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With camp just around the corner, 'Johnny Hockey' turning heads with the Flames

The Canadian Press
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Calgary Flames\' rookie Johnny Gaudreau speaks to the media as team members show up for season-end activities in Calgary on Monday, April 14, 2014. Known as \\"Johnny Hockey\\" in an homage to Cleveland Browns quarterback Johnny Manziel and the \\"Johnny Football\\" brand, the slick Calgary Flames prospect is already turning heads because of his moves, and his moniker. THE CANADIAN PRESS/Larry MacDougal Author: The Hockey News

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With camp just around the corner, 'Johnny Hockey' turning heads with the Flames

The Canadian Press
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PENTICTON, B.C. - Johnny Gaudreau has a single NHL game under his belt, but he's already earned a very catchy nickname.

Known as "Johnny Hockey" in an homage to Cleveland Browns quarterback Johnny Manziel and the "Johnny Football" brand, the slick Calgary Flames prospect is turning heads because of his moves, and his moniker.

"(The nickname) is kind of cool, unless you've got (teammates) tweeting from my Twitter that 'I am Johnny Hockey' and no one knows it's them tweeting it," said Gaudreau. "That's probably one of the downfalls of it, but other than that it's something special and unique."

Generously listed at five foot nine and 160 pounds, the native of Carneys Point, N.J., is special and unique in his own right, and those talents were on full display at the recent rookie tournament hosted by the Vancouver Canucks.

The shifty Gaudreau caused a minor uproar in the hockey world with an outrageous goal against the Winnipeg Jets' prospects where he undressed a helpless defenceman before roofing a spectacular backhand.

A video of the play was posted online within minutes and had social media buzzing.

"It's something special you get to have," Gaudreau said modestly. "I made a nice little play there and got the shot off. I was fortunate to have it go in the net and have a whole bunch of people talk about it."

Drafted 104th overall back in 2011, Gaudreau took a different route than many prospects at the rookie tournament—which included prospects from the Edmonton Oilers, Flames, Canucks and Jets. He played three years at Boston College, finishing with an eye-popping 36 goals and 44 assists in just 40 games last season to win the Hobey Baker Award as the top collegiate player in the U.S.

The 21-year-old has great vision on the ice and seems to have the puck on a string at times, but said his size has always been an issue.

"With every small player you definitely need to show people you can play," said Gaudreau. "Because you're a smaller guy you're at a disadvantage and you need to be better offensively, defensively, at making plays and stuff like that. It's every small guy's problem."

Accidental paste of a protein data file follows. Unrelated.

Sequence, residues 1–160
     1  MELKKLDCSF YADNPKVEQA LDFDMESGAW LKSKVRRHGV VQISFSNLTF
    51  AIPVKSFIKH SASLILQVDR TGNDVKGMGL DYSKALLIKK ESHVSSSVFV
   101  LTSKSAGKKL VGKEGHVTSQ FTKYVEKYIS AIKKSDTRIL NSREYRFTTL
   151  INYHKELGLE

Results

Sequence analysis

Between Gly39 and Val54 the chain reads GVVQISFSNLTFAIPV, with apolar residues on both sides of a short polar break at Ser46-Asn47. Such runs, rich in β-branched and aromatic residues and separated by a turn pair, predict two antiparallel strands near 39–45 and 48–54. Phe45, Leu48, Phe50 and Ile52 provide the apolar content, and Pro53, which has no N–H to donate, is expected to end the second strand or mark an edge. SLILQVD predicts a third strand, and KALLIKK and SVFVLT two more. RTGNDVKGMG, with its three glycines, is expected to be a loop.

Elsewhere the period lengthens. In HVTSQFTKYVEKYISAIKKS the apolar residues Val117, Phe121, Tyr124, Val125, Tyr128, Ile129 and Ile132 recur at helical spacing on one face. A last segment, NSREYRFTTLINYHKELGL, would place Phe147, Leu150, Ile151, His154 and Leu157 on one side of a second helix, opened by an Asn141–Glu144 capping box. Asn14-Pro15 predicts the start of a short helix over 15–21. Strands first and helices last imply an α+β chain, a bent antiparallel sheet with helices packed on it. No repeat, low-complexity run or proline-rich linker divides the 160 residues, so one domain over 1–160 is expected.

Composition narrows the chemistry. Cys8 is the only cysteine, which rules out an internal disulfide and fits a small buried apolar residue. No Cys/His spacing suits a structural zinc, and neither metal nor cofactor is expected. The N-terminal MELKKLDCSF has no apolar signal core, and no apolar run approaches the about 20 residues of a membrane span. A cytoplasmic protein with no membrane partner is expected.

Other players at the rookie tournament took notice of his talents, including Oilers draft pick Leon Draisaitl, who played against Gaudreau's U.S. team as a member of the German squad at the world championships this spring.

"He's small, tiny, and probably one of the most skilled guys I've ever seen," said Draisaitl. "That game we played against him he had four points against us and was by far the best player on the ice."

A fan of the Philadelphia Flyers growing up, Gaudreau said he was inspired by the likes of Daniel Briere and Martin St. Louis because of how they excelled in a big man's game.

"It's hard not to have them as your favourite players when they're successful in the NHL as smaller guys," said Gaudreau. "It's someone you look up to and you watch in your career and want to become like."

Gaudreau, who scored a goal in his only NHL game at the end of last season, said his stature worked against him a lot more when he was growing up.

"I got cut when I was younger a lot ... it sucks but it's something you need to overcome," said Gaudreau, who should be at Flames training camp when it starts Thursday. "Every player's been there, whether you're playing in bantam or in the NHL. Everyone needs to overcome it at some point.

"As the years went on I felt like I was getting closer and closer. I'm pretty fortunate to be here with a ton of great players."

Adirondack Flames head coach Ryan Huska led Calgary's prospects team in Penticton and said Gaudreau brings something special every time he touches the puck.

"He's got this ability where you're amazed," said Huska. "He slows the game down in a positive way. Everybody talks about speeding the game up and how we want to play faster, but there's something to be said for a player that can slow it down.

"He's one of those players ... he'll bring people to their feet and energy to his bench."

Added linemate and 2014 fourth overall pick Sam Bennett: "It's amazing. He's an unbelievably skilled player. Any time you get a chance to play with a guy like that, good things are going to happen."

Sean Monahan, the sixth overall pick in 2013, made the Flames last year and it remains to be seen if Gaudreau, Bennett or another Calgary prospect can crack the roster this year for a franchise that is rebuilding and has not made the playoffs since 2009.

"It's one of the organizations you want to be a part of as a younger guy," said Gaudreau. "Management says there's open spots so you've got to go into camp thinking that you're going to be in one of those spots and just try to prove that you belong there.

"Whether I play in the AHL or the NHL, either or, I'm just going to do the best I can and see where that goes."

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With camp just around the corner, 'Johnny Hockey' turning heads with the Flames